Our "Connected" series continues to be a massive hit, so we're VERY pleased to present our third edition, this one starring actor and magician Rob Ramirez. This format allows us to spotlight an innovative magician performing an entire virtual show for REAL spectators...and then explaining the tricks in full. Rob Ramirez's show features six wonderful, offbeat, and zany effects that can immediately go into your own virtual performances. As usual, these tricks have been specifically modified for a virtual show experience, but work AT LEAST as well, if not even better, in person. We chose Rob because he has such a lovely presence, even through screens during a virtual performance. An accomplished actor from musicals like In the Heights and Shrek: The Musical, he is also an accomplished magician with several television credits including a terrific performance on Fool Us.
Rob details six routines in full:
Deepest Sympathy - You and a participant have the Ace through Seven of a suit in order, and although you each shuffle the packet completely and differently to each other...both packets end up back in perfect order.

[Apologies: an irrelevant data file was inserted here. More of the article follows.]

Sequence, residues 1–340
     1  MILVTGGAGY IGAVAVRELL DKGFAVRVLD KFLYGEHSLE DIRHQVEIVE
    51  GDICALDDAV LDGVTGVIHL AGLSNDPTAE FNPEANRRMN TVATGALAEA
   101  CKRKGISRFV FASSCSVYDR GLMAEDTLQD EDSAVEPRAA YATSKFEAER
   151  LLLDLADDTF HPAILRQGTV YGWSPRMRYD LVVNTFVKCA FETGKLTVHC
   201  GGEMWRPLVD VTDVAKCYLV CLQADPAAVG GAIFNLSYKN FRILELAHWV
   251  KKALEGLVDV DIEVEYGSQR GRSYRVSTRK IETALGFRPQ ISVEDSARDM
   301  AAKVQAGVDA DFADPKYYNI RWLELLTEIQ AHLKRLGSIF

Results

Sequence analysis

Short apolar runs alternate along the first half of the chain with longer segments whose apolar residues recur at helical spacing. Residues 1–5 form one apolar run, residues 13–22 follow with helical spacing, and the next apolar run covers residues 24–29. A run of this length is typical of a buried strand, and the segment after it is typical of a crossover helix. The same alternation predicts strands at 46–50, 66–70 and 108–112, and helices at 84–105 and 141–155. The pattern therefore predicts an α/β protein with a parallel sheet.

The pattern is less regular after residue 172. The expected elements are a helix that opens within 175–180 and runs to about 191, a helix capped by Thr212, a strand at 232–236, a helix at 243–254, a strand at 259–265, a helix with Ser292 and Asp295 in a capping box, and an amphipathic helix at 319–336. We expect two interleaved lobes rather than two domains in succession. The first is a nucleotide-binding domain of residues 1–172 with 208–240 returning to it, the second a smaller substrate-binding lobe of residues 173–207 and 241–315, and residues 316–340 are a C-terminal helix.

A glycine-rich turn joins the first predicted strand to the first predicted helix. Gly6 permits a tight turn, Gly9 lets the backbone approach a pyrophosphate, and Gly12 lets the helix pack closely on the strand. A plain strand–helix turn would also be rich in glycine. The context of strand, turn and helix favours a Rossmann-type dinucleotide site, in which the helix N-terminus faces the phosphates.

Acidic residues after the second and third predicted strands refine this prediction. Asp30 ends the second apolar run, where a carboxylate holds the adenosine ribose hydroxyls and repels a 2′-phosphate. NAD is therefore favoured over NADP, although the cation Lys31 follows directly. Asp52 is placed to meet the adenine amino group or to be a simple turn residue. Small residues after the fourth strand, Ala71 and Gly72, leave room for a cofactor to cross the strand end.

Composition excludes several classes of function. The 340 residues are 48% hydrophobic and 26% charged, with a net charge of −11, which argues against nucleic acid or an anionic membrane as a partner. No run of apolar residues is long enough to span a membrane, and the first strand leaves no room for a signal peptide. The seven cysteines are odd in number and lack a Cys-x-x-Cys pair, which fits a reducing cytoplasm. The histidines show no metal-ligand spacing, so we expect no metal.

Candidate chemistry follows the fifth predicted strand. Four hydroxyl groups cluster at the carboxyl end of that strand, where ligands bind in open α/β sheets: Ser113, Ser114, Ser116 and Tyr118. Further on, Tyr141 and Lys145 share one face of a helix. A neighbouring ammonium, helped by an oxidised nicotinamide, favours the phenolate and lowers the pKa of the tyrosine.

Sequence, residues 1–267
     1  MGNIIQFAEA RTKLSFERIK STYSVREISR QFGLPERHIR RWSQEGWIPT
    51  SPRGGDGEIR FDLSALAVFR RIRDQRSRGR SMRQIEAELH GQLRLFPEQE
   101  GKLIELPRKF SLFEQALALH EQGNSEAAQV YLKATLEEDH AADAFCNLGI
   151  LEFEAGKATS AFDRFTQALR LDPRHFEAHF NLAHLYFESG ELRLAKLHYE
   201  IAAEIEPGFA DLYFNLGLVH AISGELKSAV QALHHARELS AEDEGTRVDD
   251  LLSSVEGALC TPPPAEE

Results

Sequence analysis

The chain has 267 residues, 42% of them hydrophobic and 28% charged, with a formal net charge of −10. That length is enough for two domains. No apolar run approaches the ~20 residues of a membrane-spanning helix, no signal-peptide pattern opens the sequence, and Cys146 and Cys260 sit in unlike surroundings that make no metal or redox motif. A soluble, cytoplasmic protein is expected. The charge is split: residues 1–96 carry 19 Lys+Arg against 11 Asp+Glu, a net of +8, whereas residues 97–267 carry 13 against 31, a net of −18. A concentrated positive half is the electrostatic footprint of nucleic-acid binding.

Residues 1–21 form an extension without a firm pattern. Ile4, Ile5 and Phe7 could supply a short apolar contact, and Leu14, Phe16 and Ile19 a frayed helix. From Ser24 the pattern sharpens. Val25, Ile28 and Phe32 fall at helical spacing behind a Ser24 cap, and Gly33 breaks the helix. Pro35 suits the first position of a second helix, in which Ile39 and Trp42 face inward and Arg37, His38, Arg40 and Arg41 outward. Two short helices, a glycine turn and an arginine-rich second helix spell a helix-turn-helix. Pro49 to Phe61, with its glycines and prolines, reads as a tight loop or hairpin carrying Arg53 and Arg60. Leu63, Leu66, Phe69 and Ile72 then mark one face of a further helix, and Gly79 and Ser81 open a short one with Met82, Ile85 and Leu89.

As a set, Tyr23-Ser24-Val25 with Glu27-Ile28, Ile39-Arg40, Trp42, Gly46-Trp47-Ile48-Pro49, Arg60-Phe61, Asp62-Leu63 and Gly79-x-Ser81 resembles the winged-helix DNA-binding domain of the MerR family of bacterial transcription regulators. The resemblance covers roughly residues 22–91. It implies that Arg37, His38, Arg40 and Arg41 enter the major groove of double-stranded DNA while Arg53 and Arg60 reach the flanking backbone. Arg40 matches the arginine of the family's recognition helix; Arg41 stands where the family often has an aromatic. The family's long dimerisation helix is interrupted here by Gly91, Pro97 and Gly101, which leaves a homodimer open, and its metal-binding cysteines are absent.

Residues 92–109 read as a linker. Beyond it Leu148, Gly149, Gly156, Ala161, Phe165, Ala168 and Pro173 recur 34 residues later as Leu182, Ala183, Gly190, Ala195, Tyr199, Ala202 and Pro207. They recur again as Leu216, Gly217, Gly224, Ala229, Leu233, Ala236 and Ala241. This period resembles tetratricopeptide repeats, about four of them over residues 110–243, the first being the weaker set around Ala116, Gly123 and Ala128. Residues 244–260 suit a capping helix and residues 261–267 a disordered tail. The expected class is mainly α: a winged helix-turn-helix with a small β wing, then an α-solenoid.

Treasure Map - A card is freely thought-of from a spread, virtually. The performer uses an actual treasure map to locate the spectator's chosen card.
Dimes and Pennies - The performer asks the spectator to pick up as many pennies and dimes as she likes and despite total freedom, the perform perfectly predicts the outcome...several times in a row.
52 Shades of Grey - An impossible coincidence with a pack of cards: a spectator is allowed to make ALL the decisions with their own deck from a remote location, yet the performer proves the ultimate synchronicity.
The James Grime Trick - A poker hand of sorts is dealt out entirely under the control of a spectator. In fact, the cards are in the spectator's hands. Then, a number is calculated based on the numbers BETWEEN the values of each card in the hands, and Rob offers an unusual yet perfect prediction.
Hawk Watching - This time the magician holds the cards, but the spectator determines how cards are dealt into two piles. Despite total fairness and control of what cards go where--despite the performer being blindfolded as the cards are dealt--the performer is able to correctly predict the total value of all the cards dealt into each packet.